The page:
On the political end of the spectrum, the election of Kshama Sawant to Seattle City Council on the Socialist ticket again shows the power of a populist platform. She’s actively pushed a message of wage inequality, of the 99% vs. the 1% and the necessity of a $15/hour living wage, and it’s had an impact. On May 1, Seattle passed the $15/hr living wage, although politicians successfully diminished the effort by a clause that phases this in over the course of 3-10 years with penalties for tip and healthcare deductions, which is more reason to have an organized grass roots.
Having this to say about the stalled efforts of the legislative processes, the Economics professor Sawant indicated she would seek to “build a coalition in the streets”, City of SeaTac recently passed its own citywide $15/hour living wage by referendum for all hospitality and transportation workers as well.
2013 was also a significant year in Washington State for International Association of Machinists who rejected Boeing’s new contract which would drastically reduce benefits, effectively creating two- tier wages, much like Detroit’s Auto Industry has. Unlike Detroit, IAM locals unanimously rejected the concessions, and when the top leaders went over the heads of its members, IAM locals moved to hold new elections to remove the top brass.
It’s apparent that not only the higher paid unionists reacting to the ever decreasing wages and quality of life, but also average folks not represented by unions have also begun to mobilize economically and politically. So why not Detroit?
We can look at the ballot initiative for $10.10 in Michigan, which was hijacked by the GOP-dominated state legislature, as more proof to have all political gains backed up by an organized workers movement. The referendum would make $10.10/hour the minimum wage, over the course of 3 years with subsequent increases linked to cost-of-living, and would have also raised tipped workers salaries. Michigan lawmakers recently passed a bill to raise it much less to $9.25 by 2018. The interference from the Republicans should be interpreted as an effort to take credit for contributing to quality of life, while ultimately reducing the wage at the same time as denying residents participation in the democratic process.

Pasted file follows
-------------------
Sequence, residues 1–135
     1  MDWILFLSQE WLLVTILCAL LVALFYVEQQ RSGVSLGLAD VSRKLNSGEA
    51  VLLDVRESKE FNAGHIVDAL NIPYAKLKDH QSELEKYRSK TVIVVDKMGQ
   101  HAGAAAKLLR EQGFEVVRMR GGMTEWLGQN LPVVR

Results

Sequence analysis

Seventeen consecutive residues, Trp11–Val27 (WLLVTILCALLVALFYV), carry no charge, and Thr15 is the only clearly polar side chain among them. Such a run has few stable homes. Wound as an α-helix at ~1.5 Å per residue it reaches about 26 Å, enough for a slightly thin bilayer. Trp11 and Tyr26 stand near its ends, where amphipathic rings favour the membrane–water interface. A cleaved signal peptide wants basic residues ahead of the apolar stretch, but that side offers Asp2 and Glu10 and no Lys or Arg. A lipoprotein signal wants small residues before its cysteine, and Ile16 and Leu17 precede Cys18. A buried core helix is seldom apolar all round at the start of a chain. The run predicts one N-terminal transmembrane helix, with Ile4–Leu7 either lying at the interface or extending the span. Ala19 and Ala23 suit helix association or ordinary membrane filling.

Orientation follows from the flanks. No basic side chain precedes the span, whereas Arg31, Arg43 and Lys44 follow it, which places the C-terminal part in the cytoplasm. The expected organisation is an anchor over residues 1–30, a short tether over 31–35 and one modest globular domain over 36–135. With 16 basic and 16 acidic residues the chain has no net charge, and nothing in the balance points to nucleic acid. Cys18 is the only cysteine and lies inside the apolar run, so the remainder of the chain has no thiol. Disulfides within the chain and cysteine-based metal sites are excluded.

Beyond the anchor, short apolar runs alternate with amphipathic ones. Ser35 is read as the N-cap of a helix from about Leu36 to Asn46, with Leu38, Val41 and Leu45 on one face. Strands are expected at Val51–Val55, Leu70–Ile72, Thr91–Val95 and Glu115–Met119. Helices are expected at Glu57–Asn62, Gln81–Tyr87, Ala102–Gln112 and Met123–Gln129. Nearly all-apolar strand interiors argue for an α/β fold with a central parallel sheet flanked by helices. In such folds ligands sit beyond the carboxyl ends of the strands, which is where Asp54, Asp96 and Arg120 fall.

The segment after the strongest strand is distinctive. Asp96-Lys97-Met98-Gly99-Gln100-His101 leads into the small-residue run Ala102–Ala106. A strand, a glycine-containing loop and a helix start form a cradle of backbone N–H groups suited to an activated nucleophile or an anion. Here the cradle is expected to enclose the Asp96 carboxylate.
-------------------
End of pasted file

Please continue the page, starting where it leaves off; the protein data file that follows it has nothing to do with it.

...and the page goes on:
Could it be that Michigan’s labor movement has put too much trust in the contracts, the labor bureaucrats and politicians, that it forgot how to fight and has no one to remind them of the battles that gave Detroit its unions due to a generational absence of struggle? Certainly Detroit has the historical lessons of the past to look back on, but will it move beyond mere speculation and into action? The challenge is whether Michigan can rise to the occasion in the face of austerity measures, a contrived bankruptcy that puts pensioners below bondholders, privatization of schools and the outright takeover of cities through “Emergency” Financial Managers. In a city with a plethora of political, activist and labor organizations, a coalition, a popular resistance movement isn’t only possible, but sorely needed.
It’s been apparent that trusting a few with the concern of the many has not produced many results in the last 100 years. Only a concerned, organized and active populace, by its own efforts will create a world that benefits the masses, not a privileged elite. The power originates in the people, and only by our own efforts can we create such a world.
Photo: Seattle Solidarity Network